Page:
By committing to With our portfolio of companies, as well as with new investment opportunities, we’ve noticed that “profitability” and “efficiency” are two words that are often lumped together with “growth” in every sentence.
Three months into 2023, investors continue to use buzzwords like “responsible growth,” “business efficiency” and “quality marketing” when explaining how VC-backed companies should do business this year. That may be true, but there is no textbook on how a company can actively reduce its budget without slowing growth in the short term.
Over the past few months, we’ve vetted, tested, and reviewed more than 30 companies that we define as “tier one gross margin-enhancing businesses.”
What does this mean? The “first degree” part has to do with now. Investors are knocking on the door to see improvements every quarter. Companies that can help you with long-term efficiencies won’t help you the next time you’re looking to raise money in six, 12, or 18 months.
The “gross margin improvement” part of this definition is important because simply cutting costs instead of growth won’t work. Similarly, maximizing growth with little sensitivity to costs will not work in 2023.
In this article, we’ll look at start-ups that can efficiently and effectively support organizations in their efforts to deliver growth while optimizing and managing short- and long-term costs.
Given the market right now, investors want to see companies follow the forecasts more than ever.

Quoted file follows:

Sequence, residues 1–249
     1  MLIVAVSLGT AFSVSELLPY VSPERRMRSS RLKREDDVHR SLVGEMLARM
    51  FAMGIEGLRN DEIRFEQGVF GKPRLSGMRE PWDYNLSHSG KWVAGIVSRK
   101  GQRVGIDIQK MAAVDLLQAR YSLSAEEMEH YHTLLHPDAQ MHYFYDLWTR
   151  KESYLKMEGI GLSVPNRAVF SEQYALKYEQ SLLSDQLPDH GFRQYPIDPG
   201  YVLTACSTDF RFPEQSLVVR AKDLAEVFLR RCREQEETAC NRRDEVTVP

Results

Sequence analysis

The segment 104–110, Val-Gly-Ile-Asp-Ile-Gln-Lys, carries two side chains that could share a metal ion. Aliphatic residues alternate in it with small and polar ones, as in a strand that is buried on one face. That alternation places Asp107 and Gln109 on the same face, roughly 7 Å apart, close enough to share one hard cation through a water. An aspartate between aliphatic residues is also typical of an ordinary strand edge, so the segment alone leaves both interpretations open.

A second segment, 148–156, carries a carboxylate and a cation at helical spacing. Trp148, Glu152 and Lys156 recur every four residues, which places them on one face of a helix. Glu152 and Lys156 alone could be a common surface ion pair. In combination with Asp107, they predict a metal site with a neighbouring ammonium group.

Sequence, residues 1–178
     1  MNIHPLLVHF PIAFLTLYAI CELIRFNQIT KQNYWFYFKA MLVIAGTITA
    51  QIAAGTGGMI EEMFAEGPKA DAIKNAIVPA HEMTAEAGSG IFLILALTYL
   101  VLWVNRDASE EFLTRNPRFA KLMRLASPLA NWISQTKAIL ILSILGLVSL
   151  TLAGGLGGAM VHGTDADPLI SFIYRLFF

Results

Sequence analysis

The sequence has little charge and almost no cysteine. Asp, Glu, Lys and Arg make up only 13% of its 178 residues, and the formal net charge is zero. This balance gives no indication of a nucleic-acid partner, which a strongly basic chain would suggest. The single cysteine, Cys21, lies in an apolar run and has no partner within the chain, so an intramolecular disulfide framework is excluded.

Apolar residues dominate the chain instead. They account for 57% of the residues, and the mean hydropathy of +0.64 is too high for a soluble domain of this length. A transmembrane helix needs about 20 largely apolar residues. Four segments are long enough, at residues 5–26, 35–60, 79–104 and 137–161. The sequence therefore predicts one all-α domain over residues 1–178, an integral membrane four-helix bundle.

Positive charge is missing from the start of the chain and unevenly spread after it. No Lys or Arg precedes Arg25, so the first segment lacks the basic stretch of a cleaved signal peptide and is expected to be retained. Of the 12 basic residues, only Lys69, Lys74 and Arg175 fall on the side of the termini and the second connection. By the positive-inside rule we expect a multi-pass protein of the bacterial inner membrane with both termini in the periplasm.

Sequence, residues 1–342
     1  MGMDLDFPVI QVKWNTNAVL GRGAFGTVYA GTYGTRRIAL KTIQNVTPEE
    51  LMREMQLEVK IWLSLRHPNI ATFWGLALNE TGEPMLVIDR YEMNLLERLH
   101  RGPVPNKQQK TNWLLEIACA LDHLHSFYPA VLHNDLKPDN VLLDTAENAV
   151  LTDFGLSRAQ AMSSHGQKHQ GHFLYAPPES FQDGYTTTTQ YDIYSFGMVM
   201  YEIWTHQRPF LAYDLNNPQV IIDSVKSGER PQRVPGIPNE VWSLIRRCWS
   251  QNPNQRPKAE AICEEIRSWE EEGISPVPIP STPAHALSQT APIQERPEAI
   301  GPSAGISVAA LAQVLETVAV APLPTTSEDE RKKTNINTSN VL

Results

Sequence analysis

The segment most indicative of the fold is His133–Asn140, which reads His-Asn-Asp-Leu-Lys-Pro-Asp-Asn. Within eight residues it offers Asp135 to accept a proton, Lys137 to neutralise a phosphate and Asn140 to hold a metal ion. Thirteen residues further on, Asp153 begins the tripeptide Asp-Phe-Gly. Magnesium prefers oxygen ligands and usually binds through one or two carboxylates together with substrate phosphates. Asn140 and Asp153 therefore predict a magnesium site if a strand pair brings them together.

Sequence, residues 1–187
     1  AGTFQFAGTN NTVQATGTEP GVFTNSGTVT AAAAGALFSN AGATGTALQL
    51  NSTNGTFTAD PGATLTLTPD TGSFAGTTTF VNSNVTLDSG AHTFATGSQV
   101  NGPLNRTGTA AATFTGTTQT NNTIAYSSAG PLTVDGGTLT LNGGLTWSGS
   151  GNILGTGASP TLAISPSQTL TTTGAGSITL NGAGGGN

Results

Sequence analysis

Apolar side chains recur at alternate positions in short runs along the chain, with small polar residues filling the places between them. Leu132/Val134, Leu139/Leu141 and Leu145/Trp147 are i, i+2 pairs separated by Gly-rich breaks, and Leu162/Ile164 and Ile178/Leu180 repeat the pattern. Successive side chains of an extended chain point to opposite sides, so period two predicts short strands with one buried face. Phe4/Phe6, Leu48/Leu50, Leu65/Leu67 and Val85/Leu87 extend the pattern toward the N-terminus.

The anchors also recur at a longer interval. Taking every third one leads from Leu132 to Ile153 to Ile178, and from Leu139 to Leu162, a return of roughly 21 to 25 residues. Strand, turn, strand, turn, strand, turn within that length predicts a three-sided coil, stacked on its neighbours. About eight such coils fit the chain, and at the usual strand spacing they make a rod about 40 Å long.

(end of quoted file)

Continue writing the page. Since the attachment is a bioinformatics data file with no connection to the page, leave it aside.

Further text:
The value proposition of the companies in this mapping is to help companies continue their growth journey while optimizing and reducing costs in their current business structure. That being said, there is no one-size-fits-all solution. For this reason, we have defined three key categories of gross margin improvement:
- Cloud infrastructure cost optimization and management.
- Supplier stack optimization and cost management.
- State-of-the-art FP&A tools.
Cloud infrastructure cost management and optimization
There’s a constant struggle to balance stepping on the gas to improve the product (ie increasing cloud spending) and pushback from the CFO’s office when it’s time to cut back.
CTOs and technical leaders know how to reduce cloud costs, but it can be difficult to determine how much a given change can negatively impact a business’ bottom line, not to mention the time it takes to execute reduction and optimization requests repeatedly. Businesses want to continue to grow and grow quickly, but they just can’t afford the freedom to flex their cloud spending like in years past.
Several companies are solving these problems with different approaches: Finout, Cloud Zero, Vantage, and Anodot support both enterprise and mid-market end users and offer solutions for managing the cloud and Kubernetes. Some of these players provide solutions to not only support major cloud providers, but also other cloud infrastructure providers (such as Data Dog and Snowflake).
Other companies focus on more specific use cases. For example, Kubecost focuses on managing Kubernetes. There are also companies that aim to help you cut costs: Zesty (for the cloud) and Cast (for Kubernetes) are in this space.